What happened online? July 2016

NGC 7635, Bubble Nebula (WFC3) / Credit: NASA, ESA, and the Hubble Heritage Team (STScI/AURA)

01/07 Bruno Kahl takes office as new president of the German Federal Intelligence Service (BND). The former department head from the Ministry of Finance and close confidant of German Finance Minister Wolfgang Schäuble (CDU), Kahl replaced Gerhard Schindler, who has been retired by the government in light of the NSA scandal.

02/07 Berliners can communicate with the municipal public order office, anonymously if necessary, using an app. This should permit municipal problems, involving things like refuse or parking issues, to be resolved more expeditiously.

04/07 The UN Human Rights Council issues a resolution against state-wide internet blockades. The judgement states that blocking access to online information represents an offense against freedom of speech. The decision lacks binding force. The council also denounced breaches of the human rights of bloggers and journalists.

05/07 The Home Affairs Committee of the EU Parliament demands that terror websites be deleted or blocked. The Committee recommends that member states implement regulations compelling providers to take more serious action against extremist propaganda.

06/07 The European Parliament passes a Directive on Network and IT System Security. This would oblige companies to report to the authorities failures in security and data protection. EU member states must implement the directive within the next two years by passing appropriate legislation.

06/07 The findings against the source in the #Landesverrat-Affäre (“treason trial”) are presented. In the summer of 2015, André Meister and Markus Beckedahl of Netzpolitik.org were put on trial for publishing documents relating to the Federal Office for the Protection of the Constitution (BfV), Germany’s domestic intelligence service. Now
Netzpolitik.org has said that it will no longer provide information on its sources. The affair has led to the dismissal of Federal Prosecutor General Harald Range.

07/07 The Bavarian state parliament passes an amendment to the state constitution, granting the Bavarian State Office for Protection of the Constitution access to telephone and internet data records.

08/07 In Switzerland, a move for a referendum on an updated surveillance law already passed by the parliament fails narrowly. Although more than the necessary minimum of 50,000 petition signatures were collected, only 45,000 were collected by the deadline.

08/07 Facebook introduces end-to-end encryption in its Messenger service. All users need to do is choose the individual language to be encrypted. The company also announces that in the future photos and videos can be set with a deletion date.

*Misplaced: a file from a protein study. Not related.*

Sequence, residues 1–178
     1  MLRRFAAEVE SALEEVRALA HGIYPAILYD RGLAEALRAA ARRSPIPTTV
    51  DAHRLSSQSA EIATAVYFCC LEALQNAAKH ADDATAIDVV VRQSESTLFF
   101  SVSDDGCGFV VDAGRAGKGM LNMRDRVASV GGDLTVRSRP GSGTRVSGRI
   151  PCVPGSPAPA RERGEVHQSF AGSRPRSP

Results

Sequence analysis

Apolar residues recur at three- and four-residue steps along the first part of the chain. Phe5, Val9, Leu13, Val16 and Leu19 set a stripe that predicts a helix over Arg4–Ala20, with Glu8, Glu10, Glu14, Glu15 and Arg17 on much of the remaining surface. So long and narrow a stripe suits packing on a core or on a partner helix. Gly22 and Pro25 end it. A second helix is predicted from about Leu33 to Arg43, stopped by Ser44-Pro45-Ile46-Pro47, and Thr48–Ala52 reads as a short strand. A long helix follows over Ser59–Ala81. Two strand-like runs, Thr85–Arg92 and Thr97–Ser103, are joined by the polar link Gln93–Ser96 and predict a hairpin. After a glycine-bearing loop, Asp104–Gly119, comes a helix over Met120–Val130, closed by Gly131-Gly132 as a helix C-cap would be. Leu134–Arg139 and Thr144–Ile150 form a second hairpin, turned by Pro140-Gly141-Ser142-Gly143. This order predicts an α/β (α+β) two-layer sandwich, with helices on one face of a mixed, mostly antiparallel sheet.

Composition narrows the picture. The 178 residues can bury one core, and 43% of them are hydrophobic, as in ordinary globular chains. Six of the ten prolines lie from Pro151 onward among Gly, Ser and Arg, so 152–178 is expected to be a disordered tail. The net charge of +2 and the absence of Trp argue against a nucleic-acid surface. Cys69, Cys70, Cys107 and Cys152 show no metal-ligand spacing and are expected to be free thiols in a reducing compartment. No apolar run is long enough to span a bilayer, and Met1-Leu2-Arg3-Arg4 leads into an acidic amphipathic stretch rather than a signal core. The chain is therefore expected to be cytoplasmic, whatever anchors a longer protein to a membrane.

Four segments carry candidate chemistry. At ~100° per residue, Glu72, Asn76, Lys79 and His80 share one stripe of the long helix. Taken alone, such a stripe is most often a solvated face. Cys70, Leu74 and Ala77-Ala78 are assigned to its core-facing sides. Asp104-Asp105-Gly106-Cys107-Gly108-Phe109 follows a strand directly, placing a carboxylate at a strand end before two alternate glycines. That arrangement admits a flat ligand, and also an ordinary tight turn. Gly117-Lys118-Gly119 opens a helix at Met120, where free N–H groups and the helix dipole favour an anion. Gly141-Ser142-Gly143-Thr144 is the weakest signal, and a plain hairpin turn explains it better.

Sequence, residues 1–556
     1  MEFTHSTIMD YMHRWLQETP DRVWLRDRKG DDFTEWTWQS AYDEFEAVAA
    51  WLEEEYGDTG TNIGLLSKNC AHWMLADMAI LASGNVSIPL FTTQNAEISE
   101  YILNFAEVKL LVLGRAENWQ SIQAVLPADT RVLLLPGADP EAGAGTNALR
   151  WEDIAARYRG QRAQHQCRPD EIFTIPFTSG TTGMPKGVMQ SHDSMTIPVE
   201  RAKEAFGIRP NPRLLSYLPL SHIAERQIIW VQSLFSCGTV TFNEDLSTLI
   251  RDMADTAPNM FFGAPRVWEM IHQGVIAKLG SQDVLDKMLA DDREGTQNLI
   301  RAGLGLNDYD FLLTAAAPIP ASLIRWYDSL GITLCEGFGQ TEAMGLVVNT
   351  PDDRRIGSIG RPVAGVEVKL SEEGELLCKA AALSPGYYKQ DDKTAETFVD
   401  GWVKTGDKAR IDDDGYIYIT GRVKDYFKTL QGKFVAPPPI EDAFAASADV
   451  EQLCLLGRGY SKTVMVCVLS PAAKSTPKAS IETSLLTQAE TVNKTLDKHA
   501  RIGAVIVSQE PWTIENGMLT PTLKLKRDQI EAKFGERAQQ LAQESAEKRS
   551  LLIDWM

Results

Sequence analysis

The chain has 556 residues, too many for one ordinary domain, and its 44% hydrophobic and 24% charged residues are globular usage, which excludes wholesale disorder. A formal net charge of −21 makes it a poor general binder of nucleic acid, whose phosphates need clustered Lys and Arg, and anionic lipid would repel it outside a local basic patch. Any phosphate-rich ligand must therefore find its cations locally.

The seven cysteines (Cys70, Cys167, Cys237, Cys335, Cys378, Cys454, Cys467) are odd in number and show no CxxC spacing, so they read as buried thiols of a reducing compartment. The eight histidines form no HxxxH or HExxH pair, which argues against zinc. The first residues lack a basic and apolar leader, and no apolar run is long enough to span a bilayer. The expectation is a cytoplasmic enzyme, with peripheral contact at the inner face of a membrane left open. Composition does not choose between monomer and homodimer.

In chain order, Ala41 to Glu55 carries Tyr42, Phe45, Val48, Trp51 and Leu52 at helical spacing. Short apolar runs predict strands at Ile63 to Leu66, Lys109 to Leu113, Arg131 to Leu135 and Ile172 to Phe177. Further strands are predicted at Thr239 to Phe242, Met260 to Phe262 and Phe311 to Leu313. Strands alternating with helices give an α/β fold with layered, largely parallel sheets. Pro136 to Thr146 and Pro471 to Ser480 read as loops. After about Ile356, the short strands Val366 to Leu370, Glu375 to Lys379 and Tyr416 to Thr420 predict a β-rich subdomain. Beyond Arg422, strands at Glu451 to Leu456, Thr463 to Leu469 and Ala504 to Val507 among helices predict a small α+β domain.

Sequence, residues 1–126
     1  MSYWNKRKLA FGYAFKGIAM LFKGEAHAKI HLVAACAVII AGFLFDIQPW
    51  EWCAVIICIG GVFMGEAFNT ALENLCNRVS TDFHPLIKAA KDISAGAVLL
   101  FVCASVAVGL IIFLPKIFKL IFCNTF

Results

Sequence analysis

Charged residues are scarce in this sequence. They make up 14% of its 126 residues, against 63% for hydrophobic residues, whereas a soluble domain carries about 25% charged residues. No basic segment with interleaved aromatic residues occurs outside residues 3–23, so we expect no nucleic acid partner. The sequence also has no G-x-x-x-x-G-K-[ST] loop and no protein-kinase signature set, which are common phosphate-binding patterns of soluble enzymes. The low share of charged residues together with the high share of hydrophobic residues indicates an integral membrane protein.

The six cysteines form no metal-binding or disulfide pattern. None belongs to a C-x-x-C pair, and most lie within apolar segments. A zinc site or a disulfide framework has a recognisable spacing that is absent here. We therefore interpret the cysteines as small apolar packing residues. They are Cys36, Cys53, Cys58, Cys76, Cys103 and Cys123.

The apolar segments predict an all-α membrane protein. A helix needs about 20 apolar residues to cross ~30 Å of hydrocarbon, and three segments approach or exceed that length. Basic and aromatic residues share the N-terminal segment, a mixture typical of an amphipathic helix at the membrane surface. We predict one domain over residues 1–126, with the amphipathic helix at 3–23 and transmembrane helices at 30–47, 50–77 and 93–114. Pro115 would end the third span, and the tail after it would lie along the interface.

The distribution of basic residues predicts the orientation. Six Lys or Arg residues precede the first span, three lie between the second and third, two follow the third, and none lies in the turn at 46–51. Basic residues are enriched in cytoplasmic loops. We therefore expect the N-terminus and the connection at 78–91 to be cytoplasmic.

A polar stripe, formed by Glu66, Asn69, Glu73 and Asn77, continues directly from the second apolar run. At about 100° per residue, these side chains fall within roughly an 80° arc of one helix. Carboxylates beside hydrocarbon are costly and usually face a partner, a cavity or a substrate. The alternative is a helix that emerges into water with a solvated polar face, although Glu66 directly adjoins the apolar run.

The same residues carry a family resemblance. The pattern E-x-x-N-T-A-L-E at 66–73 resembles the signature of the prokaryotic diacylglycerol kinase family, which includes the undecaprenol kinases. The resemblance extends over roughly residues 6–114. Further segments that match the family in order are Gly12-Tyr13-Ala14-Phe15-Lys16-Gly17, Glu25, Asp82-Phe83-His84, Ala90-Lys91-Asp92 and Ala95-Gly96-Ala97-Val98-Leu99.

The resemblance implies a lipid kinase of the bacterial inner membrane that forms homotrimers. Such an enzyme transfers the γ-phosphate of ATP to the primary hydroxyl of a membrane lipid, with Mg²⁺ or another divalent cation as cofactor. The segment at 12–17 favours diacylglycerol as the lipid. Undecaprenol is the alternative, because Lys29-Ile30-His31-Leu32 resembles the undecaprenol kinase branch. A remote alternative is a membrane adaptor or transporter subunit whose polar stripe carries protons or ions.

12/07 After the European Court overturned the “Safe Harbour Convention” last year, the European Commission approves an agreement, negotiated in February, called the “EU-US Privacy Shield”. As a result, from 1 August 2016, a trans-Atlantic exchange of personal data between companies will become legally permitted.

13/07 Across Germany, the Federal Criminal Police Office (BKA) takes co-ordinated action against far-right hate posts online. Many homes are searched in an operation which involves 25 police services across 14 Federal states. The BKA is responding, it says, to “increasing verbal radicalism” online.

13/07 The mobile augmented-reality game Pokémon Go is officially launched in Germany. Pokémon Go is a resounding success. In July 2016, more than 45 million people were busy collecting the pocket monsters on their smartphones.

18/07 Today is the deadline of the open consultation on European net neutrality. On the website Savetheinternet.eu, users can weigh in on the question of net neutrality. 510,385 comments were submitted.

23/07 Wikileaks begins publishing leaked information on the US Democratic Party campaign team, including revelations of potential tactics in the 2016 campaign. The platform promises more publications to come.

28/07 New guidelines issued by the German Olympic Sports Confederation (DOSB)—the “rules for dealing with media, advertising and social media”—forbid commercial providers from any kind of mention, retweet, hashtag, etc. mentioning the “Olympic Games”. Doing so would risk receiving a warning from the Olympic Committee and their legal team.



“Das Netz – digitalization and Society. English edition” gathers writers, activists, scientists, politicians and entrepreneurs to think about the developments of our digital life. More than 50 contributions reflect on the digital transformation of society. It is available as a free PDF. Download here!